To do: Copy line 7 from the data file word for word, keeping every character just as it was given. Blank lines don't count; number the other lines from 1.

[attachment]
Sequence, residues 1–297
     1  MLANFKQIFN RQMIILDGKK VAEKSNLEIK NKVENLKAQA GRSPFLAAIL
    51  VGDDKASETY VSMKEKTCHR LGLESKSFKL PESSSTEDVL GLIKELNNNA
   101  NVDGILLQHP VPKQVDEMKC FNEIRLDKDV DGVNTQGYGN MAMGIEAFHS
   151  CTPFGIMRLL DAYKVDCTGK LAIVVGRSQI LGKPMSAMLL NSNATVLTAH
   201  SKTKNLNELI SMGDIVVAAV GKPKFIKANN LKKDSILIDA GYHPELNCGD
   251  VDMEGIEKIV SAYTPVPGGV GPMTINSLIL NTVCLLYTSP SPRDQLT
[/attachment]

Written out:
   251  VDMEGIEKIV SAYTPVPGGV GPMTINSLIL NTVCLLYTSP SPRDQLT